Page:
Agreeableness is one of the Big Five Personality Traits that are occasionally referred to as the Dimensions of Personality. It’s also quite a controversial trait for many in the business world. While it’s generally accepted that agreeable people – those who are perceived as kind, sympathetic, cooperative, warm, and considerate – are pleasant to be around, clinical phycologists maintain the personality trait, while great for social interactions, is not always the best for business, particularly for managers and those who hold other leadership positions.
It’s also not the best personality trait for innovation.
The Business Problem with Agreeableness
Not only are agreeable people less likely to get ahead in their careers, earn less and are more likely to work harder than they need to, they also lack the direct, callous decision-making skills managers often need to make hard decisions that benefit the business. This is because agreeable people empathize with the person, usually putting their needs above those of the collective (i.e. the business).
How it Affects Innovation
It may seem nice to have a whole group of agreeable people working together on research and development projects, but it turns out the personality trait is not particularly conducive to innovative environments. This is because agreeable people tend to cultivate environments that are harmonious, rather than innovative, creative, or competitive. They prefer the status quo to rocking the boat with new and/or controversial ideas.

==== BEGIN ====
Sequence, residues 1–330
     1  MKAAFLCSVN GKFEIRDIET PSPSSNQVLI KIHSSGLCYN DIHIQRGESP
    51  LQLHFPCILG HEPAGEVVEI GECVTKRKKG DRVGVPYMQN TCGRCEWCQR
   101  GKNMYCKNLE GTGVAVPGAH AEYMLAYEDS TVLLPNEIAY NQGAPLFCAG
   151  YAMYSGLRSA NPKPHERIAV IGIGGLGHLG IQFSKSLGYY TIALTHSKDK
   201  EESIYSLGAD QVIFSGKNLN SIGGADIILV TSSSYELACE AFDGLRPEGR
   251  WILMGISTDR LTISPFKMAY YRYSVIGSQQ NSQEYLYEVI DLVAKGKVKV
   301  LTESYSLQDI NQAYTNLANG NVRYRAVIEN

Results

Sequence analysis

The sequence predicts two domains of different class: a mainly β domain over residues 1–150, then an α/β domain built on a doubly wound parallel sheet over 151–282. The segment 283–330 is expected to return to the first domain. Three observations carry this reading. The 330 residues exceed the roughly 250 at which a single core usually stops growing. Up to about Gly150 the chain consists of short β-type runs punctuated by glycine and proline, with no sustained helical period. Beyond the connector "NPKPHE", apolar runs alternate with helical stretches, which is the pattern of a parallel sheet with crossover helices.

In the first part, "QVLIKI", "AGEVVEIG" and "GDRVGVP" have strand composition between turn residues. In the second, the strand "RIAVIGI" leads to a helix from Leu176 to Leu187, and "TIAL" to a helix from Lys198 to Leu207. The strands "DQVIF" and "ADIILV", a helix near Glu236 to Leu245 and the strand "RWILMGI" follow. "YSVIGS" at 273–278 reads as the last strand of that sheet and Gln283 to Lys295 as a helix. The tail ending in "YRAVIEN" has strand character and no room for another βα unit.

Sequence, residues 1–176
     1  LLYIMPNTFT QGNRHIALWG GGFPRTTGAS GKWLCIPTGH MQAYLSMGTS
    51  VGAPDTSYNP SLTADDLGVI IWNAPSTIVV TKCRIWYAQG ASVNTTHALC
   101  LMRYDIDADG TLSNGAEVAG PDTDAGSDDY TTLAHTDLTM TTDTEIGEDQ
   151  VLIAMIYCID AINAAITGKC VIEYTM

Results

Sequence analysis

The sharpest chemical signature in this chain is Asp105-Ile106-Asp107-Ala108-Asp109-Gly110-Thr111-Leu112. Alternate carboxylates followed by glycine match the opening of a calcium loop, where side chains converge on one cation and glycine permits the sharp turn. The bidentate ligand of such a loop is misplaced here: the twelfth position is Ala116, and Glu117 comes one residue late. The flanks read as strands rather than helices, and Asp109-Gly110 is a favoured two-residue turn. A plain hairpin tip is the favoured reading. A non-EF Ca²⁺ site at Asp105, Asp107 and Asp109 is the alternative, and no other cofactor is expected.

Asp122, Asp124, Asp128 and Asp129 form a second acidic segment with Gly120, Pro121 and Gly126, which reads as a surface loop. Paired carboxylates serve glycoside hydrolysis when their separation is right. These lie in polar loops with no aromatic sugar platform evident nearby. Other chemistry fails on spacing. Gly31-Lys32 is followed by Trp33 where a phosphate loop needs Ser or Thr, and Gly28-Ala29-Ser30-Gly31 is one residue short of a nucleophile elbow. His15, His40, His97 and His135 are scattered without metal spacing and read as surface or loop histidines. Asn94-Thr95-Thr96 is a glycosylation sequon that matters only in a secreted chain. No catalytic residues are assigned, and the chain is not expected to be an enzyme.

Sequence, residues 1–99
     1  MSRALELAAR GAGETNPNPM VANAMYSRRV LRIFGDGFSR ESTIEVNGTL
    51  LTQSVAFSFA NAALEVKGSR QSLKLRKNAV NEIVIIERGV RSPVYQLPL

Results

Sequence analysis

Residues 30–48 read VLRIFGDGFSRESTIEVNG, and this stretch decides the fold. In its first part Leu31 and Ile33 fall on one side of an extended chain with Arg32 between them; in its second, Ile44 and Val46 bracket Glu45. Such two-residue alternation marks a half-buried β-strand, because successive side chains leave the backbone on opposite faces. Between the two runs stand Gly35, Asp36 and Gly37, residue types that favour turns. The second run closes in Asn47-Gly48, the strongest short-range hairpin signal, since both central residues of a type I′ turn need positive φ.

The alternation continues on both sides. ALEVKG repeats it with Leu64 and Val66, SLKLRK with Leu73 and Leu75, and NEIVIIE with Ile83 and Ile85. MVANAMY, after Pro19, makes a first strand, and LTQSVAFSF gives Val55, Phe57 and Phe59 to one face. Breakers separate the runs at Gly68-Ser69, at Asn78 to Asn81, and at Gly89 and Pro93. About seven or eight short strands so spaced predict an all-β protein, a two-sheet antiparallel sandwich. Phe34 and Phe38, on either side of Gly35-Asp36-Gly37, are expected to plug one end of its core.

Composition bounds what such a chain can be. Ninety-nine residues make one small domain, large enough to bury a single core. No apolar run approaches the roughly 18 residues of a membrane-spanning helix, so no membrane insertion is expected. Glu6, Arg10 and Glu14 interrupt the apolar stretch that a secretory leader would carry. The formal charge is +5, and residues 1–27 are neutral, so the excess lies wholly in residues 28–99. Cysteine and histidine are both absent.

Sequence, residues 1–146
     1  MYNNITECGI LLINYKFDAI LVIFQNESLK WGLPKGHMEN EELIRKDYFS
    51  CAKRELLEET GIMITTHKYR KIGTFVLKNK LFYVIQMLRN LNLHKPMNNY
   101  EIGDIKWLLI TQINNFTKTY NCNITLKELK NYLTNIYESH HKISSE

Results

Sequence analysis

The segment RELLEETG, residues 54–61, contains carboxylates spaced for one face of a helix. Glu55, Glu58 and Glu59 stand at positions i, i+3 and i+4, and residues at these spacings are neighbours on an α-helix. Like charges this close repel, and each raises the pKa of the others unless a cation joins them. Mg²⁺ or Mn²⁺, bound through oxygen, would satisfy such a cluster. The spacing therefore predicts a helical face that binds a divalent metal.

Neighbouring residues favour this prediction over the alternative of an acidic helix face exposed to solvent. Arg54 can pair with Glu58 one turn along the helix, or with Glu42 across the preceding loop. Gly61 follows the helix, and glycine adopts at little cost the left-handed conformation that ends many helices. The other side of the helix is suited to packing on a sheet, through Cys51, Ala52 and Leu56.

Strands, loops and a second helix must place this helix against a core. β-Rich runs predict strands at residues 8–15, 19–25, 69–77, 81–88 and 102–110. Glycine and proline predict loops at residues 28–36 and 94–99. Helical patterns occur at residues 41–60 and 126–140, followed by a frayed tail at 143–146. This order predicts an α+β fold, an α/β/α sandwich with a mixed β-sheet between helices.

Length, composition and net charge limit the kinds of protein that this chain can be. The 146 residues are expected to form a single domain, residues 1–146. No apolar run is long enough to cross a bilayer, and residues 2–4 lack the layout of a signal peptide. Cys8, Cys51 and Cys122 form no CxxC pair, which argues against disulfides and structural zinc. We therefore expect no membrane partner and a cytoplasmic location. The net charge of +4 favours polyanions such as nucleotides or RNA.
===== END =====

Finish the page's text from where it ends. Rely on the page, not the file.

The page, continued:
Remember that even Galileo was once thought of as a controversial outsider.
The Dangers of Groupthink
Individuals who are more agreeable also tend to be more susceptible to groupthink, obedience and persuasion, an idea that was famously brought out in the open by the Milgram Experiment in 1963. In the experiment, Stanley Milgram, a psychologist at Yale University, measured how far obedient people would be if they thought their instructions were part of an experiment, even if those instructions involved them harming another person (in the case of the experiment, it involved them delivering an electrical shock to person who answered questions incorrectly.
The point of the experiment was to ascertain how ordinary people could be persuaded into committing atrocities similar to those committed by Germans during WWII.
People who are susceptible to persuasion, groupthink and obedience are not likely to bring new ideas to the table that challenge existing norms. They also are not likely to challenge poor ideas that are posed by leaders, even if those are hindering the R&D efforts of their business.
Essentially, too much agreeableness can be a roadblock to breakthrough innovation in a hyperconnected world. If all you ever do is all you’ve ever done or will do, you are average. No business today can be average.
While some degree of agreeableness is desirable – too many disagreeable thinkers in one place can lead to conflict – being too agreeable will also have a negative effect on diversity of thought. A healthy balance, as usual, is the key to success.